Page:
This post is also based on a session I had at Citrix User Group about Citrix Analytics. Now even though that Citrix Analytics is still not released and I did a lot of research about the product in advance. So in this post, I will go into a bit of depth about the product and about features that are available now and also what I think is missing in the product as of now.
Citrix Analytics was announced at Citrix last year. In its core, it is about machine learning and analytics of data that is already available. So is about gathering the data from these different sources into a big data platform and using historical data from these sources to build a baseline and predict what normal behavior is and what abnormal behavior is. It is also about moving from being reactive to being proactive.
Like most monitoring tools today they are reactive meaning that they see that a process stops, a server goes down or that a service stops running and therefore we need to go and troubleshoot. With analytics, we try to shift that focus to be proactive seeing that “here we have the historical data, showing that based upon the last 12 months this occurred on the same data it was because of user load on the server” and based upon this historical data we can take actions. The same method that is looked at from a security perspective. For instance, if we have someone in HR let’s call him Dave and every day he accesses the HR system, and this is his trend for the last 6 months from the same physical device in the same location. Suddenly he accesses another application from another system from another location, and this then falls into abnormal behavior and based upon this we might have a risk, then we need to have an automation action.
Citrix Analytics is going to be available in three modules, but right now only the Security module is available (Which is now in Preview and you can request access here –> https://www.citrix.com/products/citrix-cloud/form/citrix-analytics/ ) Analytics can gather information from Citrix products only which means XenDesktop/XenApp, ShareFile, NetScaler and Citrix XenMobile.
The data collected from these sources is then placed into Citrix Analytics (Which is a cloud-only service) which consists of a data lake, event processing, and machine learning and will then store information for 13 months to generate a baseline (or user trends) based upon the historical data. Of course, having data stored for this long period allows the system to create more accurate models on user behavior.
NOTE: Even if Analytics is a cloud-only platform it can still get data from existing on-premises deployments
Now Citrix Analytics can also take actions against these systems. If we, for instance, have a user which suddenly is marked as a high risk (based upon risk indicators, failed EPA scan, unknown location for instance) we can then directly disconnect the end-user from XenDesktop or terminate the session. So all the data collected from the different sources can then be turned into actions.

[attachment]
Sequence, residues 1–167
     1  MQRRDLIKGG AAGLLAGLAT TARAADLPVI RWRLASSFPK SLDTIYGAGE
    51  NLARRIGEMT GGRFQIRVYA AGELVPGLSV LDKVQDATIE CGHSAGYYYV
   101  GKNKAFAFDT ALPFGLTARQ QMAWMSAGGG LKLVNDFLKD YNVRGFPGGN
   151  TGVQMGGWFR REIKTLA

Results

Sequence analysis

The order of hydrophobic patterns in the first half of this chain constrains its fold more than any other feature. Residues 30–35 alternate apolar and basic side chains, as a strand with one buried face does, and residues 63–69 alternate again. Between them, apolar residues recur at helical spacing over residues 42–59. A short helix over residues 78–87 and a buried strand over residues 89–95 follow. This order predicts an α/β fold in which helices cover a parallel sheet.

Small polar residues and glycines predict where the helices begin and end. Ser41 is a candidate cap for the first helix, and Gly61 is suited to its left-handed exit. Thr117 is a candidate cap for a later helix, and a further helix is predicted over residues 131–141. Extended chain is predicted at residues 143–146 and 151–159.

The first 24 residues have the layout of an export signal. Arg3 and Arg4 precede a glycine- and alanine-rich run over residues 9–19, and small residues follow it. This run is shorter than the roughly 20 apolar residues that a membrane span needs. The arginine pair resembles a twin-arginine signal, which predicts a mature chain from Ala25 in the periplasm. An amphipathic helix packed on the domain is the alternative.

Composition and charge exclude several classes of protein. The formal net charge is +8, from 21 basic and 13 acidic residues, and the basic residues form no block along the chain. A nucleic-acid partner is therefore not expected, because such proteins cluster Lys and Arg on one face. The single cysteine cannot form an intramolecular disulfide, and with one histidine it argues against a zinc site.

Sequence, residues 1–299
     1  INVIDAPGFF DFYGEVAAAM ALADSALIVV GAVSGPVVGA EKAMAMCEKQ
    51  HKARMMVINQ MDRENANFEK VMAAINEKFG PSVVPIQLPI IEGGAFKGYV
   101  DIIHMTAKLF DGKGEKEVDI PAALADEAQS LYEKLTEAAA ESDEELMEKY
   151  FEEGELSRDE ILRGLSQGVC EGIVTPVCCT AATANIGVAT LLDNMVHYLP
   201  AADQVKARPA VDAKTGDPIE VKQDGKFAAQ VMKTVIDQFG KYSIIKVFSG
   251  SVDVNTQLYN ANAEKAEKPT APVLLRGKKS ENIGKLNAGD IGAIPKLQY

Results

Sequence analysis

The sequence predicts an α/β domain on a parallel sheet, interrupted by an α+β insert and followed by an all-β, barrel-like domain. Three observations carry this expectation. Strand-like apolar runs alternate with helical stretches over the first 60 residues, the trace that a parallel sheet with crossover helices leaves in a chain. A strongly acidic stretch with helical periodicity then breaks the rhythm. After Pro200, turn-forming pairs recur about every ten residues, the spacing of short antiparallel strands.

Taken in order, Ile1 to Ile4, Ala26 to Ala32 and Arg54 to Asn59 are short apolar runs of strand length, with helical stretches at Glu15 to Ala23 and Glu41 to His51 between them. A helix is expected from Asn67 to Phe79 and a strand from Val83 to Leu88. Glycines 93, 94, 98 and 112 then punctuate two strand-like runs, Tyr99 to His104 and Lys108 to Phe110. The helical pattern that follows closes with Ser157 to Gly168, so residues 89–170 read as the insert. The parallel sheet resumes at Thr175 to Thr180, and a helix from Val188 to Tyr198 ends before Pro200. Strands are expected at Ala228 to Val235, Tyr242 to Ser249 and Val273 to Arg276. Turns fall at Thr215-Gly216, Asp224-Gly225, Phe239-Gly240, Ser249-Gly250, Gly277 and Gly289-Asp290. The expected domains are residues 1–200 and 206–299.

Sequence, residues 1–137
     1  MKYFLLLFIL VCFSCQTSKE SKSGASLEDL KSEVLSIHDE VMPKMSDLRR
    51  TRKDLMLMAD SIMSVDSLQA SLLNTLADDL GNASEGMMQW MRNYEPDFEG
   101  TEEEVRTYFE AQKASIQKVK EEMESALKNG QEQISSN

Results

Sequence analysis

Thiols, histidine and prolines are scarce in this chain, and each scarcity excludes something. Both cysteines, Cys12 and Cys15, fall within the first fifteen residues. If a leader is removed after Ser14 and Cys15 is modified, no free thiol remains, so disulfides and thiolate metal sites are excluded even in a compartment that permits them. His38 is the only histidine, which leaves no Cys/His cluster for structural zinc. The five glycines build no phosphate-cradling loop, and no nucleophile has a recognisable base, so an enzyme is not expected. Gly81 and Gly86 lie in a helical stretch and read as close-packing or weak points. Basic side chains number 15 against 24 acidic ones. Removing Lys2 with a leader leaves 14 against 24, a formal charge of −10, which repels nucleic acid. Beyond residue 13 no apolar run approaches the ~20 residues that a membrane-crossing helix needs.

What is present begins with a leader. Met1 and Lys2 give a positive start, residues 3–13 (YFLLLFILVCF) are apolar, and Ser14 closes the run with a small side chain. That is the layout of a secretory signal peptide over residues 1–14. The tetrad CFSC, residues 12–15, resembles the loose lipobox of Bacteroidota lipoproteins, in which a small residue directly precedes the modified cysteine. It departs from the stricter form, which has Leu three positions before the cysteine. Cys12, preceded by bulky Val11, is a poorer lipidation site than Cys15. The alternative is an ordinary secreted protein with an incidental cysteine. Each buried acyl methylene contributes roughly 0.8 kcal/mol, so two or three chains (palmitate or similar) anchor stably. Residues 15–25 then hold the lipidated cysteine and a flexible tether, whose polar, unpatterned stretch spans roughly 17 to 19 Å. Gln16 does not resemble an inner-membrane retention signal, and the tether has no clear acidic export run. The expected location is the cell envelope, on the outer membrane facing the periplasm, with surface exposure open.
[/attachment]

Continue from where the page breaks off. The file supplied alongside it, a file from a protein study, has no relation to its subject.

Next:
To get the data into Analytics, we need to have other agents installed. For NetScaler we need to MA Service, which is actually sending AppFlow data to see the session information, for XenDesktop we need to have the an agent installed on the delivery controller and we also need to define Citrix Director access because it taps into it to get the historical data stored there.
Now as mentioned, Analytics creates a user score to determine if they are seen as a high risk or not, and if they are on a certain risk level based upon risk conditions, we can take actions.
So for instance if we see an excessive level of external file sharing on a particular user.
Or any other type of activity which might be a risk indicator.
We can take action on that rule such as disabling the user’s access or log off the account to NetScaler.
Now as a product Citrix Analytics has some promise. That it can enable to automatically detect abnormal behavior and react to it. Now when it comes to the limitations of the product so far as I see it is that.
1: It doesn’t as of now have any integrations with a SIEM tool to forward alerts/actions directly. Or any form of API that can be called upon to get that type of information (at least to my knowledge, there might be some API underneath but it is not documented yet)
2: It is Citrix only – when it comes to sources and actions is now only to other Citrix products, which is something that they to extend. Citrix announced something called Citrix Access Control as well during Synergy (source: https://www.citrix.com/blogs/2018/05/08/secure-the-access-and-use-of-saas-web-apps-in-your-digital-workspace/) which provides SaaS access control. Now, this also extends into Office 365 so it might be in the long run that Analytics can also handle against Office 365. Hopefully, Analytics can also re-use information across tenants, so for instance if they can see suspicious behavior from the same IP address across tenants that they can take action on it.
3: I see it a bit overlapping with Azure AD / Intune and Conditional Access – With Conditional Access also we have multiple conditions that we can use to determine or take action of a particular user or device. Now Conditional Access doesn’t use any form of analytics but we have risk levels which are based upon information from Azure ATP, Windows Defender ATP, Azure AD and Device Security which determines if a user should get access or not. Also, Microsoft has its own Security Graph API which has a lot of historical and analytics data. Microsoft also has Cloud App Security which can act as a proxy in web sessions and deny/allow access to the application.
Now what I would love to have here is a integration between Citrix and Microsoft so we could have an integration point between Conditional Access and Citrix when it comes to sources
and then have actions on Azure AD and SaaS and Citrix environments, then it would be really awesome!